Keep in mind that if wastewater is held in tanks prior to recycling activities, the tanks and ancillary equipment may still be subject to hazardous waste tank standards. 3.3.10 Records to Review The following list describes some of the records that must be maintained by facilities that treat hazardous waste under Permit by Rule (PBR) [see California Code of Regulations, title 22, section 67450.3, subsection (c)(9)]. These requirements apply to electroplating facilities since the vast majority of them treat cyanide or other plating waste under PBR. You should allow at least two to three hours to review these records onsite. (If the facility simply lacks the record(s) altogether, you can spend that time explaining the requirements to the facility.) · Written employee training plan and records (Cal. Code Regs., title 22, section 66265.16) · Waste analysis plan and analytical records for all hazardous wastes treated onsite (Cal. Code Regs., title 22, section 66265.13) · Contingency plan (Cal. Code Regs., title 22, sections 66265.51 & .52) · Biennial report [Cal. Code Regs., title 22, sections 66262.41 & .40(b)]

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· Annual waste minimization certification and copy of source reduction evaluation review and plan (Health and Safety Code, sections 25244.19 & .21) · Records of secondary containment for all applicable hazardous waste tank units (Cal. Code Regs., title 22, section 66265.193) · A written and certified hazardous waste tank system assessment containing all required written statements (Cal. Code Regs., title 22, section 66265.193) · Written inspection schedules and inspection logs (Cal. Code Regs., title 22, sections 66264.175 & 66265.195) · Written operating instructions, and a record of dates, volumes, residuals management, and types of waste treated [Cal. Code Regs., title 22, sections 67450.3(c)(9)(D) & 66265.73(b)(2, 6, 7, & 10)] · Records documenting compliance with POTW pretreatment standards and industrial waste discharge requirements [Cal. Code Regs., title 22, section 67450.3(c)(5)] Hazardous waste manifests and Land Disposal Restriction records from the past three years (Cal. Code Regs., title 22, sections 66262.20,66262.40, 66268.7) Phase I Environmental Assessment (Health and Safety Code section 25200.14 and Cal. Code Regs., title 22, section 67450.7) Written closure plan, closure cost estimate, financial assurance mechanism and certification that was submitted to the CUPA [Cal. Code Regs., title 22, sections 67450.3(c)(11)(B), and 67450.13(a)(1)] Onsite hazardous waste treatment notification forms that the facility submits annually to the CUPA to treat hazardous wastes under Permit by Rule (Cal. Code Regs., title 22, section 67450.3 (c)(1)) Recycling records (if the facility claims to be exempt from permit requirements pursuant to a recycling exemption or exclusion; see Section 25143.2 of the Health and Safety Code)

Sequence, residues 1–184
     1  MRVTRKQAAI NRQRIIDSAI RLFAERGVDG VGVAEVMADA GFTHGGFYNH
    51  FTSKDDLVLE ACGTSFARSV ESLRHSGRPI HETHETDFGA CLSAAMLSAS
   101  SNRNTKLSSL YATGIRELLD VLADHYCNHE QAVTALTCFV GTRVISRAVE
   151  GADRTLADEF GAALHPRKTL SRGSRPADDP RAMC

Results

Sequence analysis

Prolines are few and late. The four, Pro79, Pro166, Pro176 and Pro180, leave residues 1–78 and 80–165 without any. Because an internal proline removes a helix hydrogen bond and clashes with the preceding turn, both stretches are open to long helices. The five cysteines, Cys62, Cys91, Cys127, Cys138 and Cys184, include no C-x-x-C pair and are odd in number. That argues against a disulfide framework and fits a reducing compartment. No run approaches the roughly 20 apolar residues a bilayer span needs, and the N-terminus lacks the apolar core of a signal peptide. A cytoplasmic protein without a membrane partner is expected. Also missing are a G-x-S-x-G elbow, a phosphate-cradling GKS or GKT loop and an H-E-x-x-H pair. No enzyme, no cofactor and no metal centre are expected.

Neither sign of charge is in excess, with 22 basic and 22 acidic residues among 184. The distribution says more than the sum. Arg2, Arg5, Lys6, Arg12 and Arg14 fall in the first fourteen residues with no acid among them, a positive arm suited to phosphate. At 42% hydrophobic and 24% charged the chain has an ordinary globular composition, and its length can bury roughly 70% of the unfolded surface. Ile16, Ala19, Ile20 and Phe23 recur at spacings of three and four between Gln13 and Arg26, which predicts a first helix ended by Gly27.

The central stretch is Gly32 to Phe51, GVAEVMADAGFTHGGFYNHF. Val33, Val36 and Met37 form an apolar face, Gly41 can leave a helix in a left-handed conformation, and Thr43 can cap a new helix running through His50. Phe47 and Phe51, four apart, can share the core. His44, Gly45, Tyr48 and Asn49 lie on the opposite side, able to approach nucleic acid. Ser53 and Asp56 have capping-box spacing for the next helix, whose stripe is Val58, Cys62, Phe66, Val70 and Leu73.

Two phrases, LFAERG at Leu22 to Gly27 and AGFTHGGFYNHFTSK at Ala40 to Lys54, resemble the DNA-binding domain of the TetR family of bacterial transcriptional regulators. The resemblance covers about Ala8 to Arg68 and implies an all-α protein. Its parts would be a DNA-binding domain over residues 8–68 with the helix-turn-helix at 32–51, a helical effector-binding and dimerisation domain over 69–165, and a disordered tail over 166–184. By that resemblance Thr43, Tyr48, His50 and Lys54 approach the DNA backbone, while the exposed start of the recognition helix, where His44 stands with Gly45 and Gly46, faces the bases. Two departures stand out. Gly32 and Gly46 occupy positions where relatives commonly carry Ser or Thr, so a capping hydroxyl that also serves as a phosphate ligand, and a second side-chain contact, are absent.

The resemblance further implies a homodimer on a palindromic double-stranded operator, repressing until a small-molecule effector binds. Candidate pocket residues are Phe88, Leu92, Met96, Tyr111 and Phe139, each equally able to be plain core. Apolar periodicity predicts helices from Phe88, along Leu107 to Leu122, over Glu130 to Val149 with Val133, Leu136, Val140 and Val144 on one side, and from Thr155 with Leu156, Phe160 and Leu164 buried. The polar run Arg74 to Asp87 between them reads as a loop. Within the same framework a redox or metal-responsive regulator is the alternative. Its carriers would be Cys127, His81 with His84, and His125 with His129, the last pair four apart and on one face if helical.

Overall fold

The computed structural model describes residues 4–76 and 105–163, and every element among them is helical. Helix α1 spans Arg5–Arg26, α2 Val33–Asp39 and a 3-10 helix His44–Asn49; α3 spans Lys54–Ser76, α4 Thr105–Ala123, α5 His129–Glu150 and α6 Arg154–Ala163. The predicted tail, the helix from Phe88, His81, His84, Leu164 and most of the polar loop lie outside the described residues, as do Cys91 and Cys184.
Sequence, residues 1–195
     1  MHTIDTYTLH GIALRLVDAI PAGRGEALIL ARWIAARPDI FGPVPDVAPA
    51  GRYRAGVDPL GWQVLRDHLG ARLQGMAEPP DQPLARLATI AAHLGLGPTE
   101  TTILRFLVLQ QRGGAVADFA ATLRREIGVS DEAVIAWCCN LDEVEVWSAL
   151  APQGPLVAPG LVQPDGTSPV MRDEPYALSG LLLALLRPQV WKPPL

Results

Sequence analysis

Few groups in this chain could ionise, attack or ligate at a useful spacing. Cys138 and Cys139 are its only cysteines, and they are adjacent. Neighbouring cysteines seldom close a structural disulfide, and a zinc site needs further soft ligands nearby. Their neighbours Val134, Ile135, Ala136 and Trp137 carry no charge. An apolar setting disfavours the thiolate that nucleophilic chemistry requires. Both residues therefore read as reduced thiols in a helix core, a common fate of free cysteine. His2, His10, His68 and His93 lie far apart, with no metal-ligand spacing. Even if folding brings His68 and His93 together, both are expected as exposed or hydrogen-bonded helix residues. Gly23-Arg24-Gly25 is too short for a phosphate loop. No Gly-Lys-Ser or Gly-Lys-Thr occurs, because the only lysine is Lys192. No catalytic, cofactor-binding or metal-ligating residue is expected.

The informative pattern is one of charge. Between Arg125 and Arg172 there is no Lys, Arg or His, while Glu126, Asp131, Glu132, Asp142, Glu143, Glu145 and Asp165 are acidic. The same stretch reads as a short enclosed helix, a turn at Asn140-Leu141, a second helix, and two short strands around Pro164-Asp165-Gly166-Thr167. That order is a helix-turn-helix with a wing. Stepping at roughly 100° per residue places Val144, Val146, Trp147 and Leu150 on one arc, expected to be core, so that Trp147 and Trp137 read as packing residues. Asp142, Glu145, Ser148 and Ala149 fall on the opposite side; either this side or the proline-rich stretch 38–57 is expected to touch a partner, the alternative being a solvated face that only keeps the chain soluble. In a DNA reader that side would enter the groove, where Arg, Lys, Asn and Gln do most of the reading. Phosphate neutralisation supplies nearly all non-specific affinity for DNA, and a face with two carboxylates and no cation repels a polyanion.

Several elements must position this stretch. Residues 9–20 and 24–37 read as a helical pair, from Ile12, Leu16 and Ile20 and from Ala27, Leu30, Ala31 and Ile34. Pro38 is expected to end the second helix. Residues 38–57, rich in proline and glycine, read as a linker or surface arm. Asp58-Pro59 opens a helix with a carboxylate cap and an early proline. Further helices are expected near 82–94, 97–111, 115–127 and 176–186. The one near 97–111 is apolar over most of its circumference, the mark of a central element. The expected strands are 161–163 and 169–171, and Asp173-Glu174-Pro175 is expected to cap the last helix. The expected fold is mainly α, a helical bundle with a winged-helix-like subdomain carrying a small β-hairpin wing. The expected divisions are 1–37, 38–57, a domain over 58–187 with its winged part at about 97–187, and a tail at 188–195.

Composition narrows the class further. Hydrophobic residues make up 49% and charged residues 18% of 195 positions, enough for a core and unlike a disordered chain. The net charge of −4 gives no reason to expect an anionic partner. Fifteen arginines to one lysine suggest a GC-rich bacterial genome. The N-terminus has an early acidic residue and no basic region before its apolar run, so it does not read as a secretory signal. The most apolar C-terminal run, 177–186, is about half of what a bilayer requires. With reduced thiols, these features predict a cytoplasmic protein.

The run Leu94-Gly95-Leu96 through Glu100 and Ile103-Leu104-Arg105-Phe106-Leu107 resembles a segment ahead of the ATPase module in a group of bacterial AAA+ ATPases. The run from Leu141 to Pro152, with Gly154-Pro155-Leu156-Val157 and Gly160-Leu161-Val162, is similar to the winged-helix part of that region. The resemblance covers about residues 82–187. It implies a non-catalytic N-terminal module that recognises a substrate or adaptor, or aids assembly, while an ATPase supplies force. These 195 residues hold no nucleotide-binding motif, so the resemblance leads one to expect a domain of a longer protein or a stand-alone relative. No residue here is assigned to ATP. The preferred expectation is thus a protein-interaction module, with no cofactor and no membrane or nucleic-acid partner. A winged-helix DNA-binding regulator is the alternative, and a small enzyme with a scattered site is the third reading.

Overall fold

·

· ·

·

·

You may request that the facility provide you copies of any documents. If you observe any violations or potential violations related to specific documents or records, you should obtain copies of those documents or records, at the time of the inspection. Two recordkeeping requirements that electroplating facilities frequently have problems with are the first two listed above, the training plan and the waste analysis plan. Both of these plans have many detailed elements to them.

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Refer to the boxes below for the elements required for each plan. A training plan must include: · · · · · A written description of the type and amount of both introductory and ongoing training (formal or informal) that will be given to facility personnel Job titles for each position related to hazardous waste management Name(s) of employee(s) filling each position Written job description(s) for each position, including requisite skills and education, and duties of facility personnel assigned to each position Records documenting that personnel have received and completed the required training or job experience